J-3 lesions are usually caused by compression between the vertebra and tendons. they are often transient, meaning that there is some expansion in certain neck positions. For example the vein might open up on internal or external rotation of the neck or by flexion and extension of the neck. Their significance is unclear because there are no papers on this area and some of my patients get clinical improvements by opening up the "fixed" stenoses in the J1 segment.

These lesions are considered challenging by some and dangerous to others. Because this is an extreminsic compression, angioplasty may have little long term impact on the narrowing, thus requiring stenting to overcome the compressive forces. Also the compressive forces are strong and may result in kinking of the stent or fracture of the stent or intimal hyperplasia. The area of stenting also contains closely proximate nerves that can result in long term pain or damage to the cranial nerves. . Finally, the J3 segment of the vein is usually much smaller than the J2 (middle part of the vein) or J1. Thus, if the stent slips out of position, it can migrate out of the jugular vein.

I find decisions about treating these J3 lesions to be very difficult. Risks are present, clinical improvements are unclear or unsubstantiated, especially when the outcomes are comfounded by treatment of other lesions.

Here is an example of a normal J3
Image

Here is an example of a narrowed J3 associated with J1 segment valve stenosis. Treatment of valve stenosis only withimporovements
Image

Here is an example of a compressed J3 stent
Image

Here is an example of a compressed J3 stent (placed by another IR) with secondary intimal hyperplasia
Image

Here is a J3 stent with in-stent stenosis
Image

My takehome messages to you are:
1. J-3 stenosis are rarely isolated. They are usually associated with valvular stenosis
2. treatment of valvular stenosis may make improvements. This is especially tru if the IJV on the other side is also highly stenotic
3. J3 segment lesions frequently require stents, which have some complications
4. Make sure that you get a very thorough venogram with IVUS to best evaluate what you have and to optimize your treatment plan.

Hope that this helps you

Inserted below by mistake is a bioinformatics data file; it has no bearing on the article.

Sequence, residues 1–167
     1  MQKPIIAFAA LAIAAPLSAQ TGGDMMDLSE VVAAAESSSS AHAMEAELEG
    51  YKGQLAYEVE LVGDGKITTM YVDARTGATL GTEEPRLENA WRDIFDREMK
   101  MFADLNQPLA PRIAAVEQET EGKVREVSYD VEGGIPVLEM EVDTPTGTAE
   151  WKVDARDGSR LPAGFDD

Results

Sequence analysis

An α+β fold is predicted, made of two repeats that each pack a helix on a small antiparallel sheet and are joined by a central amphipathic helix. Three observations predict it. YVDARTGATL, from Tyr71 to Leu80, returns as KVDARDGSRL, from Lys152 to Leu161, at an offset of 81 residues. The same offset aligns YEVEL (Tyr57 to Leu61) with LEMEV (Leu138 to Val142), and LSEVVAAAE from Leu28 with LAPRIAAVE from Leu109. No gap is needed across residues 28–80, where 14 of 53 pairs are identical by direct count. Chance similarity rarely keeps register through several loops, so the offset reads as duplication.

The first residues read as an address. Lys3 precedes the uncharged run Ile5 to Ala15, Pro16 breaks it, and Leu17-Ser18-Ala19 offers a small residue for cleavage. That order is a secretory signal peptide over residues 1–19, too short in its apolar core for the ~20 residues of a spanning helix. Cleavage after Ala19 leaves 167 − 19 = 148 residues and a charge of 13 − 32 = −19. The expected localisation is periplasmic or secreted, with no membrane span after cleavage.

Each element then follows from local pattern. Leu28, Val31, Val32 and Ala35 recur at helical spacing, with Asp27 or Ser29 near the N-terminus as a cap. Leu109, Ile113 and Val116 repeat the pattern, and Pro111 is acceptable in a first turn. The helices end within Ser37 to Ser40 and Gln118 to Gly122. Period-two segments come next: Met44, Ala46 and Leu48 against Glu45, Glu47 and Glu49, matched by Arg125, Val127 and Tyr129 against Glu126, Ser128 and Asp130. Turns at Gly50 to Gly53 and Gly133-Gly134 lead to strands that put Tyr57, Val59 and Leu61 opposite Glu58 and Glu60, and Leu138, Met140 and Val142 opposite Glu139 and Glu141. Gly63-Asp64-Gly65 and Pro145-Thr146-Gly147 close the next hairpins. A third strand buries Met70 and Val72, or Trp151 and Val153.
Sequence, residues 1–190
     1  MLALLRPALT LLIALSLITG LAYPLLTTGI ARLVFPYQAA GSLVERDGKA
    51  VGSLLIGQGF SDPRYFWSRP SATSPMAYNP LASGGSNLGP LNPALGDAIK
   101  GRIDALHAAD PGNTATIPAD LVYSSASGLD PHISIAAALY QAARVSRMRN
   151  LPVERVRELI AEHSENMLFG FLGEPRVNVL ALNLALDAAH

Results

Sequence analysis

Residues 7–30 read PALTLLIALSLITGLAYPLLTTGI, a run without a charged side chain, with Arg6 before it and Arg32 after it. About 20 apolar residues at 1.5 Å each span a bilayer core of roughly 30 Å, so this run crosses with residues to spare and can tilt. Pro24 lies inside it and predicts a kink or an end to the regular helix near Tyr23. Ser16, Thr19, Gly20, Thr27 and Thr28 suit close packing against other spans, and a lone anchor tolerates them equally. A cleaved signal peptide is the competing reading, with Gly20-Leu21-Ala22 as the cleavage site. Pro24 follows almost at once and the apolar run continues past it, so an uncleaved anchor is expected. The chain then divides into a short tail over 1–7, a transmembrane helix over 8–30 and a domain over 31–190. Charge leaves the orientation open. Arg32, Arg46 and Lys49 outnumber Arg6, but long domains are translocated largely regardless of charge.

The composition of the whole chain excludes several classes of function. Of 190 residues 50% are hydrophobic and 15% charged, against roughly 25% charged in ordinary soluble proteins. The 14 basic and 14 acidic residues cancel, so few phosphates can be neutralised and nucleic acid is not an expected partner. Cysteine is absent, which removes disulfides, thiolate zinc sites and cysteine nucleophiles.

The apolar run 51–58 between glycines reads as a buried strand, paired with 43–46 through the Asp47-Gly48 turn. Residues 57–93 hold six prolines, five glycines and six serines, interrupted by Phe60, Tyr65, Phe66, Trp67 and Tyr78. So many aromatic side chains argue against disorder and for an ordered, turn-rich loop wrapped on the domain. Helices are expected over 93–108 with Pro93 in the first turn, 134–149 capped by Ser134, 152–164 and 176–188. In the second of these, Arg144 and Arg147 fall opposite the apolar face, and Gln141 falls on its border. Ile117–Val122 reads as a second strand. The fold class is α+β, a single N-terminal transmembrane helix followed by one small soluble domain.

DrSclafani
Salvatore JA Sclafani MD
Patient contact: ccsviliberation@gmail.com

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Re: DrSclafani answers some questions

Post by drsclafani » Mon Dec 15, 2014 4:00 pm

Thekla wrote:Do the instances of fading improvements possibly indicate a case for more stenting? I have heard a few rumblings about new venous stents or non-metallic stents. Are there cases of single treatment that have maintained improvements without stenting? Is it better to simply retreat than stent? Is it different with different types of stenoses?
Fading improvements may represent re-stenosis, inadequate angioplasty, missed stenoses or progression of your disease

Stents are in my opinion are appropriate for stenoses resistant to optimized angioplasty, multple recurrent restenosis, especially over a short time, and salvage of angioplasty such as dissection or thrombosis

Yes there are patients whose angioplasties have held well for as long as 5-6 years
If the positive effects of anioplasty lasted a long time, then I would do what has worked before.

There are some investigational stents that may have superiority but nothing is proven to my knowledge.

Hope this helpsyou

DrS
Salvatore JA Sclafani MD
Patient contact: ccsviliberation@gmail.com

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Re: DrSclafani answers some questions

Post by Mato » Fri Dec 19, 2014 11:39 am

Dr. Sclafani
It peaked my interest when I heard about exploring other veins...especially the Iliac. I know I'm not a doctor or anything but all of my physiotherapy and acupuncture and chiropractic have always been central around my illio Zoas .....sorry I don't know how to spell it. I haven't had Botox in a few years but that was the next muscle they were going to inject. I opted not to as I felt like the Botox was geared towards someone already non ambulatory and not wanting to twitch anymore. I want to walk!! I for some gut reason feel that that may be a troublesome area for me. Are you willing to explore a little further to help me along my way? Does any of that make sense? All my pressure and pain is cause from muscle spasms on my right side in that Iliac area(this has also gave me a severe lumbar scoliosis)Also I think I had some valve trouble and was wondering if that was something that would always be like that or is it repairable. Thank you again for your time.

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Re: DrSclafani answers some questions

Post by drsclafani » Sat Dec 20, 2014 8:58 pm

Mato wrote:Dr. Sclafani